At the same time, President Assad's force long ago passed the point at which they could hope for a final, decisive assault like that of Assad senior at Hama in 1982.

Russian 'lifeline'

The most important factor is the deepening and widening of the uprising over recent months. Those once wedded to peaceful protest now judge that taking up arms is the only viable option.

Image caption President Assad sees Russia as it main backer

One important milestone has been the outbreak of violence this month in Syria's second city, Aleppo. The army is increasingly stretched across fronts that it did not have to worry about last year.

It took days to regain control of suburbs around Damascus, and the town of Zabadani - scarcely 20 miles (32km) north-west of Damascus - was entirely seized by rebels last month.

These growing commitments thin out, and increase the strain on, loyal units. The paradox is that more fighting means more defections, but failing to do so risks conceding territory on which the armed parts of the opposition can regroup and consolidate.

Mr Assad's security forces do retain some advantages.

Libya taught us that rebel control of territory can be tenuous and easily reversible. Indeed, Zabadani is falling back into regime hands.

Moreover, the external support to Damascus outstrips anything that might be flowing to the FSA from Turkey, Saudi Arabia or Qatar.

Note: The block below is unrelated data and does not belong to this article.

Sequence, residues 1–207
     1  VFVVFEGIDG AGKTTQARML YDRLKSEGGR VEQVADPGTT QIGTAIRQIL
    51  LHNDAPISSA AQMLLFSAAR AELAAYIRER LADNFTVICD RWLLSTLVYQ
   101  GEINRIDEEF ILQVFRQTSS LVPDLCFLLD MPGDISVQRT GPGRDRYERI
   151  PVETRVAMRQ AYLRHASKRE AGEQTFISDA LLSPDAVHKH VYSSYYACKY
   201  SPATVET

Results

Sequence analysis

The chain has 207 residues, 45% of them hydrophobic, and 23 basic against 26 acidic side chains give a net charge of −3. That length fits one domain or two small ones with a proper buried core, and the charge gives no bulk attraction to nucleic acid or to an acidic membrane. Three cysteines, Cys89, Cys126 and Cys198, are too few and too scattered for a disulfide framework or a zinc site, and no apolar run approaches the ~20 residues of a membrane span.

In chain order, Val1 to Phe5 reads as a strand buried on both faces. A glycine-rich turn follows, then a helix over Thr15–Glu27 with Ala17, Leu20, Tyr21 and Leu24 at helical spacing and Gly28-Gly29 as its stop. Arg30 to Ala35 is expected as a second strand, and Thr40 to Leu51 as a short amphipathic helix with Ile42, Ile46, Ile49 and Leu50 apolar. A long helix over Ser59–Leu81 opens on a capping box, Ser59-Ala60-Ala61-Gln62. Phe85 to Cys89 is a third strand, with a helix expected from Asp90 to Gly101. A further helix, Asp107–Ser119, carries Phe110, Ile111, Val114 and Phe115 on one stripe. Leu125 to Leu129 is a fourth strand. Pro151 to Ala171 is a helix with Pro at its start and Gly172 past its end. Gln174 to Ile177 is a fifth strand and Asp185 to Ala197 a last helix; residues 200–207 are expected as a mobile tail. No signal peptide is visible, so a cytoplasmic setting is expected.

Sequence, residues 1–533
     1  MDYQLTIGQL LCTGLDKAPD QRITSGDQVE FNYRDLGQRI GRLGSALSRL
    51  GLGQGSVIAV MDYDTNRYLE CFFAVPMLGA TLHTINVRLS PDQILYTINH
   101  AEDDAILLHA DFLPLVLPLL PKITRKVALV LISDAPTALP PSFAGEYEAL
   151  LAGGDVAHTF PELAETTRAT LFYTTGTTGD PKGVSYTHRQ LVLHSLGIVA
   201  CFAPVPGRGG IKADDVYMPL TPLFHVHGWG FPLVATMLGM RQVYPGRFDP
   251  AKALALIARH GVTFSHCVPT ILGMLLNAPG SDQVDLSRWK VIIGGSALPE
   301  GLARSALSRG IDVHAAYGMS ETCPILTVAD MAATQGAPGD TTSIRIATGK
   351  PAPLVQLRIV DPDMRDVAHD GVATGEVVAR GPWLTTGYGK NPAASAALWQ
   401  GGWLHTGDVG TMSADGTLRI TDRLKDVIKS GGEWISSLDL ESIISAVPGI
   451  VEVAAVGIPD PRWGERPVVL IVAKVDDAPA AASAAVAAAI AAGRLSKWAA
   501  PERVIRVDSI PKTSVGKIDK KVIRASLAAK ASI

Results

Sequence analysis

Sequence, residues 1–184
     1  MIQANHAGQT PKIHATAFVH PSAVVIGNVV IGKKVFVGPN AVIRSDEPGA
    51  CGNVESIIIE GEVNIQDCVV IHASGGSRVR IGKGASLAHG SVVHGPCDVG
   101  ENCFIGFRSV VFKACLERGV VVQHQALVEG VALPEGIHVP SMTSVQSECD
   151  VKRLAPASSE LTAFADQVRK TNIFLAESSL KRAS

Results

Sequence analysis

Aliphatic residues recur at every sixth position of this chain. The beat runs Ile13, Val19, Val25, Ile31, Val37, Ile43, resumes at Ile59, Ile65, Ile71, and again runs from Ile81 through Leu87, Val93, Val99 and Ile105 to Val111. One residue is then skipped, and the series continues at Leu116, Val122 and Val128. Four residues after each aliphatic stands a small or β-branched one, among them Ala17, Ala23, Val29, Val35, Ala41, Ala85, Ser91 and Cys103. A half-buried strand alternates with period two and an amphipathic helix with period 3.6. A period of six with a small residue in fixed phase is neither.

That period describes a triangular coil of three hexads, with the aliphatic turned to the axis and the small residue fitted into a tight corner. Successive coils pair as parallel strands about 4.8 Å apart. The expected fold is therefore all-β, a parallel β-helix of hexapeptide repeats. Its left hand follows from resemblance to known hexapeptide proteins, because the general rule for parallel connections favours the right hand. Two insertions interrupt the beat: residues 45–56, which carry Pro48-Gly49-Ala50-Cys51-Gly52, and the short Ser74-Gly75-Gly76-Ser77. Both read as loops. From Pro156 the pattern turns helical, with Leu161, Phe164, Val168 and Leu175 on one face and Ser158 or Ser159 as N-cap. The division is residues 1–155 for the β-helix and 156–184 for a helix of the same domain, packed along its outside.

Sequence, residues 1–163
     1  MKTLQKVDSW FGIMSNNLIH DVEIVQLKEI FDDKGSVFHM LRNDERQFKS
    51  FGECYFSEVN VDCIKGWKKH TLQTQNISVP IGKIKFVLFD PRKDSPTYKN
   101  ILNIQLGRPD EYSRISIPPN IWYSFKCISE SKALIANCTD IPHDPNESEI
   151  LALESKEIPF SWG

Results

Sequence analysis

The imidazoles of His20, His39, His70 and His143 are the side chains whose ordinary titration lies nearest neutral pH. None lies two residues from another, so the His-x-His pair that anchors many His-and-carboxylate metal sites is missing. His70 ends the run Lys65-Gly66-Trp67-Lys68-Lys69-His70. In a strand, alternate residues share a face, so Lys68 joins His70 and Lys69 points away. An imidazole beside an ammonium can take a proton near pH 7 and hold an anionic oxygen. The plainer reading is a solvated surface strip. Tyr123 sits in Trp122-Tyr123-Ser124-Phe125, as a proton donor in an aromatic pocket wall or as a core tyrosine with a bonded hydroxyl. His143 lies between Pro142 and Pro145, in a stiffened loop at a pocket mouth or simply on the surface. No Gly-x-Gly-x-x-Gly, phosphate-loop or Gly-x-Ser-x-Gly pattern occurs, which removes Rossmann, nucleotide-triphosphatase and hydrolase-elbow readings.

Russia has already sent tons of ammunition, and this lifeline is expected to remain open.

Gen Qassem Suleimani, commander of the elite Quds Force of Iran's Revolutionary Guard Corps (IRGC), has reportedly served as "chief regime adviser and strategist".

The Guardian reports that he "has taken up a spot in the war room" alongside President Assad and his ruling clique.

Minority fears

There is also diplomatic succour. Regimes can hold together or fall apart based on perceptions.

Russia's angry veto of the modest UN resolution last week sent a powerful signal to those Syrian senior officers of wavering loyalty - Moscow is committed to preserving the regime in some form.

It is rational for officials and groups hitherto sitting on the fence to adjust their loyalty in line with Russia's apparent commitment.

One hope is that even if President Assad is squeezed out, a Yemen-style stage-managed transition keeps the "guts" of the regime in place.

Some vulnerable minorities who see Assad as guarantor of their safety, have compelling reasons to take a gamble on this outcome.

A secret US diplomatic cable from Damascus in 2006 observed "tremendous fear in the Alawite community about retribution if the Sunni majority ever regains power".

Assad's "Homs rules" mean that he has no strategy, only tactics: indiscriminate bombardment of a fragmented opposition, the sharpening of sectarian loyalty to force minority communities to pick sides, and outreach to foreign patrons with a stake in his survival.

It is hard to see how this can do anything but accelerate the militarisation of the opposition, induce greater countervailing help to the rebels from frustrated outsiders, and make it very hard for any pluralistic, democratic settlement to emerge from the wreckage.